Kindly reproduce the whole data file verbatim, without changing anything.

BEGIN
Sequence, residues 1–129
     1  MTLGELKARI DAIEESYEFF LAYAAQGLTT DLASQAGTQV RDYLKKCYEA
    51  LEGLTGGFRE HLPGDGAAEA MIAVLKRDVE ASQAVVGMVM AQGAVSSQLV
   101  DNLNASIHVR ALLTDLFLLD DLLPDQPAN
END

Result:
Sequence, residues 1–129
     1  MTLGELKARI DAIEESYEFF LAYAAQGLTT DLASQAGTQV RDYLKKCYEA
    51  LEGLTGGFRE HLPGDGAAEA MIAVLKRDVE ASQAVVGMVM AQGAVSSQLV
   101  DNLNASIHVR ALLTDLFLLD DLLPDQPAN